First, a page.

The second phase of this class was teaching students about threats to marine biodiversity. This phase used in-house expertise of the Field Museum and WCS-Fiji as well as experts from other regions brought in through Skype or other video services. In this way, instructors were able to leverage their personal social networks to provide an enhanced learning experience for the students from instructors not physically present in the brick-and-mortar institutions. After demonstrating mastery of the subject (as assessed through in-class evaluations and through identification of species), students took a more active role in this phase and were charged with going to their self-defined communities and identifying major environmental threats there. The Fijian students traveled to a small village downstream from Suva to interview locals about what the villagers perceived as the greatest threats to their environment. These interviews, conducted in Fijian, were translated and placed on the social networking site so that students from both schools could analyze them. Because of this collaborative working environment, this phase emphasized the connectedness of large-scale threats such as global climatic change, and, for the Chicago students, put actual faces on those who were threatened with inundation of their island.
The last phase of Conservation Connections had the students identify a tractable conservation problem, generate a solution, and enact that solution. Based on their village interviews from phase two the Suvan students identified that trash from the capitol city, Suva, was washing up on nearby downstream villages and that this was a problem for those communities. The Suvan students were able to share these recorded videos via the custom social networking site and both groups of students brainstormed a list of possible solutions. The students ultimately decided to film a public service announcement and to write letters to the editors in Fijian newspapers.
The students wrote and edited drafts of the letters, aided by a professional science writer, who participated remotely via Skype. Additionally, with the help of a wildlife videographer, the groups combined to write, direct, film, and star in a Public Service Announcement filmed in Chicago along the shore of Lake Michigan. This video was then shown in Fiji and highlighted the downstream impacts of littering. The students published letters to the editors in Fiji’s two largest newspapers and the video was shown in classrooms in the capital.
Together, the three phases of this class used digital technology to increase peer-to-peer learning with students, literally on the other side of the world. The students were able to translate their core knowledge into specific learning objectives of practical value while simultaneously learning a suite of digital skills, which are critical for future academic success in the 21st century. The class also highlighted the ability of digital technology to bring in experts from a wide variety of occupations. Given the importance of secondary school education in setting career goals and future participation in STEM fields (Maltese and Tai 2011), providing a diverse array of possibilities is critical. In short, a high school student who thinks they must choose between their love of writing and of biology may not know that a professional science writer is a viable career. If they are unaware of this possibility, how can they start to conceptualize their path toward a career that can blend both biology and writing?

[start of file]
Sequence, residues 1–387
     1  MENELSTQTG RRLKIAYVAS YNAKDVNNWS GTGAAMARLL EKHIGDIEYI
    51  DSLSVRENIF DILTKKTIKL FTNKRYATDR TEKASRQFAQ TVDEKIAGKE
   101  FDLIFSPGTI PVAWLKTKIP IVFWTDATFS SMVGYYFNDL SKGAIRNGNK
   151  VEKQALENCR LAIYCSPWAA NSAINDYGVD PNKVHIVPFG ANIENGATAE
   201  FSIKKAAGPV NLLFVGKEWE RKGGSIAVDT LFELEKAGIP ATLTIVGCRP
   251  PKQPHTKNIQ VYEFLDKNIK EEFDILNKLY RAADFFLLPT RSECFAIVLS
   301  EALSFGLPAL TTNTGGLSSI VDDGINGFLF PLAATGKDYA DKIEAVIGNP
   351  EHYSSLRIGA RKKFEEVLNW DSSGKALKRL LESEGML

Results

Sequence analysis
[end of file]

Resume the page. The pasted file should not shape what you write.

Teaching in a post Superstorm Sandy New York
In October 2012 Superstorm Sandy, a category 2 hurricane made landfall in the greater New York City region. It brought with it over 7.5 in of rain, 4-m storm surges; unprecedented floods decimated lower-lying areas of the city, particularly Statin Island, Brooklyn, and lower Manhattan. The storm left 53 people dead in New York, and close to US $18 billion in estimated property damages.
At Columbia University in Upper Manhattan, classes resumed shortly after the storm ended. However, damage to bridges and public transportation systems trapped many students in affected areas and unable to attend and teachers had limited options for reaching those students. Although this would have hamstrung many classes using traditional format, which require teachers and students to be in the same classroom at the same time, one class was able to leverage two aspects of digital teaching to ensure that classes continued. First, lecture notes were uploaded to the file-sharing service Figshare (figshare.org). This generated a URL that was freely accessible by the public, yet the material was clearly attributable and had a time-stamp to help document its creation. Because of the ease of access, all students were able to download the class lecture. Second, the lecture was then presented via a series of tweets between the instructor and the class. For each slide in the lecture, three to four initial tweets were presented and students would ask questions. The public and free-form nature of Twitter (Darling et al. 2013) provided an opportunity for students to communicate among themselves as well as with the professor. Thus, using technology allowed the “backchatter” of the class to become more formalized and engaged, despite operating remotely.